Even though Jake Wood knew Browns Pro Bowl offensive lineman Joe Thomas would inevitably beat him for the starting left tackle job at the University of Wisconsin, he took Thomas under his wing and supported him as he evolved into a star.
Now Thomas has his former teammate’s back, and he’s using his status as a finalist for the 2012 Walter Payton NFL Man of the Year Award to show it.
Wood is the president and co-founder of Team Rubicon, a nonprofit organization that uses military veterans for disaster response throughout the world. Since Wood and fellow Marine William McNulty started the group three years ago, it has helped veterans adjust to returning from Iraq and Afghanistan and assisted victims of catastrophic events such as Hurricane Sandy and the Haiti earthquake in 2010.
“I think the charity work they do is phenomenal,” Thomas said in a recent phone interview. “I think they maximize the dollars they get, and I think they’re kind of filling a niche and a void that really wasn’t covered by any charity that existed. By them coming in and filling a hole and helping military veterans who are coming back readjust to civilian life and try to use some of their abilities to help other people in disaster situations, putting them together with doctors and medical personnel to help people that are in dire situations, it’s a great charity and a great thing to be involved in.”
Thomas joins Arizona Cardinals wide receiver Larry Fitzgerald and Dallas Cowboys tight end Jason Witten as the finalists for the Man of the Year Award, which recognizes community service as well as playing excellence and is named after Payton, the legendary Chicago Bears running back who died in 1999. The winner will be announced in New Orleans during the second annual NFL Honors, which will air on CBS from 9-11 p.m. Saturday.
Thomas, Fitzgerald and Witten were chosen from 32 team nominees, all of whom will receive a $1,000 donation from the NFL Foundation for the charity of their choice. The three finalists will receive an additional $5,000 donation in their names, and the winner will receive an additional $20,000 donation in his name.
Thomas selected Team Rubicon as the recipient of his donation.
“Joe’s a great guy,” Wood said in a recent phone interview. “He’s got a great heart. With as much money as Joe’s making, I’m sure he’s being hit up from all different angles to support all sorts of different charities and nonprofits and causes, so it is pretty special to know that he’s got a place in his heart for veterans. I know he’s supported the Pat Tillman Foundation in the past as well, which is a military scholarship program.”
Thomas said his interest in helping those who serve in the military stems from having several cousins and friends who are veterans. He founded the “Thomas’ Troops” season-ticket program, which hosted military men and women during Browns home games last season and provided tickets, apparel and food to the USO of Northern Ohio.
“I was always impressed with the job that they do protecting our country, and I think it’s one of the jobs of all Americans to do everything they can to give back to the military and show the appreciation that they deserve, especially from the people in this country that aren’t serving in the military,” said Thomas, who has been elected to the Pro Bowl in each of his six NFL seasons. “It’s important to make sure those people know how appreciated they are.”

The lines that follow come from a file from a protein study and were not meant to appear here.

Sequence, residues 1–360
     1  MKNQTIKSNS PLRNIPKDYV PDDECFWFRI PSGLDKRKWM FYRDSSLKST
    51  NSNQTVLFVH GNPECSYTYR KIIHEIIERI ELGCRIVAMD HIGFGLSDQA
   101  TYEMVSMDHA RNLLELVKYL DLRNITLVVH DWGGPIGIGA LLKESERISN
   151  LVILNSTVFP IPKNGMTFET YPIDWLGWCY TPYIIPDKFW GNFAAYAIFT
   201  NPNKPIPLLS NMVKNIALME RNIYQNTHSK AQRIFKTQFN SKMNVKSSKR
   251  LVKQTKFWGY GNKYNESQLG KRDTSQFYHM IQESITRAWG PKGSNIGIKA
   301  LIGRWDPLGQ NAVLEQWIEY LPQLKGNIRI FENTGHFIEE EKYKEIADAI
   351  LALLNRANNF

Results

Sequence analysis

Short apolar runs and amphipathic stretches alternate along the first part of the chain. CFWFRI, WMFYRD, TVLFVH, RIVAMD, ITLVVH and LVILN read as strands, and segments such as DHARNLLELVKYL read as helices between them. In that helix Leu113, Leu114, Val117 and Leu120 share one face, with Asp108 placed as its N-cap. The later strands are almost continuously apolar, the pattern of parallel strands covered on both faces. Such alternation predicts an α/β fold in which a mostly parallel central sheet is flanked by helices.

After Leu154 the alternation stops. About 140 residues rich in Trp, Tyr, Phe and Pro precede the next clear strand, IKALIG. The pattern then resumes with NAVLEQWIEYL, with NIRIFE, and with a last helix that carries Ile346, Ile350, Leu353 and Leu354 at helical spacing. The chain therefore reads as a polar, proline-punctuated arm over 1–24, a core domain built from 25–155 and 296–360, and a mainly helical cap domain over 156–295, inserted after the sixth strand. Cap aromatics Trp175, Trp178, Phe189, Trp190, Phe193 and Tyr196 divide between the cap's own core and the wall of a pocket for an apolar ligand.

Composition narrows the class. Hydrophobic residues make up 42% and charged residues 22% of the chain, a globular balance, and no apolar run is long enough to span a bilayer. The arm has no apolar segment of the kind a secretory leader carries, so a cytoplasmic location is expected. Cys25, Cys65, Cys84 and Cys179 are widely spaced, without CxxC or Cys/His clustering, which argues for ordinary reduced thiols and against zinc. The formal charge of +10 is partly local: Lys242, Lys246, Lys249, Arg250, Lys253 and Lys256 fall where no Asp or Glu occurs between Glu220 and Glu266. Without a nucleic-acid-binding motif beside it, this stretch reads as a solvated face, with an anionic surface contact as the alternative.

Thomas visited the Pentagon last year and participated in the Military-NFL Culture Change Campaign focus group, helping educate people about the dangers of traumatic brain injuries. Two years ago, he visited troops in Afghanistan through the NFL-USO Tour.
“It was an incredible experience,” Thomas said. “It was something that I’ll never forget. Being so embedded and close to the military and being able to see what they go through on a day-to-day basis was pretty special and being able to go over there and put smiles on some of those military members faces was really something that will stay with me for a long time.”
Thomas has told Wood he’d like to join Team Rubicon on a mission sometime, and Wood intends to hold his old friend to his word.
“I’m still open to being able to do that in the future,” Thomas said. “Obviously what they do is a lot more dangerous than your regular going to the food pantry and helping out ’cause a lot of their volunteer stuff happens in war zones or areas that are unstable, and we just haven’t been able to work it out yet. But certainly it’s something that I’d really, really enjoy and hopefully one day get to do.”
Thomas and his wife, Annie, have become involved in other causes, too, including the Cleveland Animal Protective League and the Make-A-Wish Foundation. Thomas also donated to the Cleveland Kids in Need Resource Center, which helps provide supplies for schools in impoverished areas. He also founded the “Blue Collar Corner” season-ticket program, which provided tickets, apparel and food for families through the Cleveland Building and Construction Trades Council.
It all contributed to him being named a finalist for the Man of the Year Award.
“It’s probably one of the greatest distinctions I’ve ever had in my athletic career,” Thomas said. “Rarely do you get an award that’s more for your off-the-field stuff. It’s really special. You just look at the two other guys that are named finalists and you look at the things they’ve done in their NFL career and in their off-the-field, community-service career. It’s just pretty special to be in that same group of players, and also to be up for Walter Payton’s award, it’s really humbling because of the person and player he was in the NFL for so many years.”